Judge Roan Reverses Decision on Conley Testimony

Another in our series of new transcriptions of contemporary articles on the Leo Frank case.

Atlanta Journal
August 6th, 1913

Conley’s Whole Testimony Will Be Allowed to Stay in Record of Frank Case

State Ready With Corroborating Witnesses, if Evidence Is Held to Be Admissible—Jim Conley Adds New and Sensational Feature to His Testimony, Declaring He Saw Frank Place Mary Phagan’s Pocketbook in the Factory Safe


Those Responsible for Applause Were Immediately Ejected From the Court Room—Dr. H. F. Harris Expected to Resume Stand During Afternoon—State Will Furnish Presentation of Its Case by Thursday but Hardly Before

Judge L. S. Roan, presiding at the trial of Leo M. Frank, superintendent of the National Pencil factory, who is on trial charged with the murder of Mary Phagan, Wednesday afternoon reversed himself in his ruling made Tuesday striking out portions of Jim Conley’s testimony. The judge made his ruling Tuesday but withheld announcing it to the jury until Wednesday. His reversal means that Conley’s testimony that he acted in the capacity of a “lookout” for the accused superintendent on days prior to the day of the tragedy, and also his testimony accusing Frank of perversion remains in the testimony. It also means that Solicitor Dorsey will be allowed to present evidence corroborating the negro sweeper as to Frank’s attitude toward him and his conduct to the negro’s presence.


Jim Conley, who left the witness stand at 11:10, after sixteen hours of direct and cross examination, added sensational feature to his testimony Wednesday by the declaration that he saw Frank take the mesh bag or pocket book carried by Mary Phagan from the desk in his office and placed it in the safe. So far as the public knows the mesh bag has never been found.

Over the protest of the attorneys for the defense, Solicitor Dorsey managed to get before the jury that Frank had refused to face his accuser, Jim Conley, when the detectives sought to arrange an interview at the tower.

For the first time since the trial has been in progress applause broke out in the court room when Solicitor Dorsey after a dispute with counsel for the defense over testimony given by Detective Scott, was sustained by the reading of the court stenographic notes. Dorsey had contended that Scott testified that Frank told him on April 28th about Mrs. White’s having seen a negro near the foot of the stairs on the day of the tragedy. Although the defendant had given this information to the Pinkerton detectives on April 28 declared the solicitor, it was May 7 before the state’s detectives knew about it. When the stenographer’s report of Scott’s testimony was read, sustaining the solicitor, applause broke forth in several parts of the court room at once. Those responsible for it were immediately ejected by the deputie [sic].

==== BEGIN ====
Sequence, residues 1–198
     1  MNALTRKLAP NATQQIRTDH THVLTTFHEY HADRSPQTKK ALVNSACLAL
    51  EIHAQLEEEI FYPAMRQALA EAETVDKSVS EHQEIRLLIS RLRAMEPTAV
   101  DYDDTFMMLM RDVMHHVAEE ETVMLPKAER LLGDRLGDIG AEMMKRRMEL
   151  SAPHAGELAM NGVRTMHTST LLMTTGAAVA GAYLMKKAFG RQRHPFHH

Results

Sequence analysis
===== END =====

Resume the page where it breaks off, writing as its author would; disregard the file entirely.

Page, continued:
Dr. H. F. Harris is expected to take the stand Wednesday afternoon and finish his testimony. He will probably be under cross-examination for an hour or more. The state expects to finish the presentation of its case Thursday.


Hardly half of the crowd that was waiting in the long line when the court room doors were opened Wednesday morning, could gain admittance, the limited seating capacity being filled at once.

Leo M. Frank, the accused, breakfasted with his wife and mother in an anteroom of the court. It was stated that the defendant had slept well overnight.

All was ready for court to convene several minutes in advance of 9 o’clock, the scheduled hour.

Before the jury entered, Mr. Rosser told the court that both sides had come prepared to discuss the question of ruling out certain portions of Conley’s testimony. Judge Roan stated that he would hear that discussion at 2 o’clock. He did not care to hear it at the morning session.

“Your honor, we have some witnesses whom we want to put on the stand following Conley,” objected the solicitor.

Attorneys interpreted Judge Roan’s remarks on this to be that he would allow the corroborative testimony to proceed if it was at hand, and then would announce later his ruling on its admissibility after he had heard arguments at 2 o’clock.


The jury was called in and the cross-examination of James Conley, the negro accuser of Frank, resumed with Mr. Rosser conducting it.

Attorney Rosser made a demand on Solicitor Dorsey for the original of Conley’s second affidavit. The solicitor was unable to furnish the original. Chief Lanford never had given it to him, he said, and he doubted the existence of a signed statement. Detective Starnes said he didn’t think Conley signed that affidavit, although it was taken in the negro’s words by a shorthand reporter.

Attorney Rosser read from an unsigned copy of the original statement, with the permission of the solicitor. Both sides finally agreeing that this copy should be taken as the original. This statement was made by Conley to the police on May 26.

In it Conley said he arose between 9 and 9:30 o’clock on the day of the murder. He remembered the time because after he got up he went outside to get some water and looked at the clock on the Atlanta university. The affidavit continued, “This is my second and last statement. In my first statement I said I wrote the notes on Friday so I wouldn’t be connected with the murder. I thought that if I said I went there Saturday they would accuse me of knowing about the murder.” The affidavit recited Conley’s alleged actions that day, which Conley since on the stand has admitted to be wrong recital.